Our pets are often as much a beloved part of the family as are our children, yet they are all too often the forgotten loved ones when it comes to estate planning. With our nation’s senior population expected to double from 2012 to 2050, that means hundreds of thousands, if not millions, of pets are at risk.

Should we, or our loved one, need to be moved into a care facility, or worse, pass on, there should be a plan in place that has the pet’s and owner’s best interests in mind. In an owner’s’ sudden absence, animals can show signs of anxiety that may be mistaken for aggression, sadly resulting in being sent to an animal shelter or worse, put down. This would likely be devastating to the senior and not what they would want for their beloved pet.

Although you can’t replace the senior’s own voice, touch, how he/she plays with the pet, or just how he or she spends time walking the dog. The best that can be done is to have all of the alternatives well established in case the pet must be separated from its trusted friend.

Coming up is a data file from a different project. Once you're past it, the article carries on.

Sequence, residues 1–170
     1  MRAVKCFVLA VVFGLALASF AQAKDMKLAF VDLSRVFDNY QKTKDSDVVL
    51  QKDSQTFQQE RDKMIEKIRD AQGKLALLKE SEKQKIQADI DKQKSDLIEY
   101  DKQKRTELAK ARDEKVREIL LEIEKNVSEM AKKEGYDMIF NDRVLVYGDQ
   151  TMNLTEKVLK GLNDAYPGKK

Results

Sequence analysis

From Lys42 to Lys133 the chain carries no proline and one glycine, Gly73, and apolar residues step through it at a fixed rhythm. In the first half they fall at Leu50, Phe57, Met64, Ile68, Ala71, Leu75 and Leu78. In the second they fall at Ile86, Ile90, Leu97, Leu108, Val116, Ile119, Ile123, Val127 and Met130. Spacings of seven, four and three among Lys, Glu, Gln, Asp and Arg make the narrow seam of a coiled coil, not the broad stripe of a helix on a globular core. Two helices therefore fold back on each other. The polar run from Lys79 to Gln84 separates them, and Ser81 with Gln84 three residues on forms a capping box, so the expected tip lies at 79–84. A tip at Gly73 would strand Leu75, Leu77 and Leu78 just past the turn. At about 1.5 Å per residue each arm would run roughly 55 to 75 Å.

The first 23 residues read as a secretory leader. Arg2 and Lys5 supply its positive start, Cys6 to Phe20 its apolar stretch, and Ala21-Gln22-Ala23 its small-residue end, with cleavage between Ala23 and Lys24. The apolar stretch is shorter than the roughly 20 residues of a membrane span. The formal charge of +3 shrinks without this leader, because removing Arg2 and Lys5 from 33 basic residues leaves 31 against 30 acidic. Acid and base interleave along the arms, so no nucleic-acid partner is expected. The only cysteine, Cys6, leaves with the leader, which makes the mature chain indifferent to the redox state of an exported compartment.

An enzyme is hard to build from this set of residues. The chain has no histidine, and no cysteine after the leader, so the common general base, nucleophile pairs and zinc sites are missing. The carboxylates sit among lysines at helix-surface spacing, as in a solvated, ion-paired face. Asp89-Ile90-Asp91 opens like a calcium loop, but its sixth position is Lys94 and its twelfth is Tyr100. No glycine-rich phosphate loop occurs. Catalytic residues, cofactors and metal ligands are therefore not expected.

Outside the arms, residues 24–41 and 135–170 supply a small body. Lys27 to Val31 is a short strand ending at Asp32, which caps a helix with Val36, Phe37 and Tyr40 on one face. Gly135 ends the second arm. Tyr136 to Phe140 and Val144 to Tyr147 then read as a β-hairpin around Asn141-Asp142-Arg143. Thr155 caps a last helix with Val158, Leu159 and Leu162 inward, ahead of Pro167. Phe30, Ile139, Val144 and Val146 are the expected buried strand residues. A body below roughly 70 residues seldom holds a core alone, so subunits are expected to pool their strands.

What can you do to make sure your pets are safe, happy, and healthy even in your absence?  How about a pet “estate plan”?  Each week, Diane Rich posts exciting info for pet lovers in her Canine Chat blog.  I was happy to be able to write as a featured guest in her blog at the Seattle Post-Intelligencer.  Check out the link here or click in the image below to see how you can protect your pet and be prepared.

Seattle PI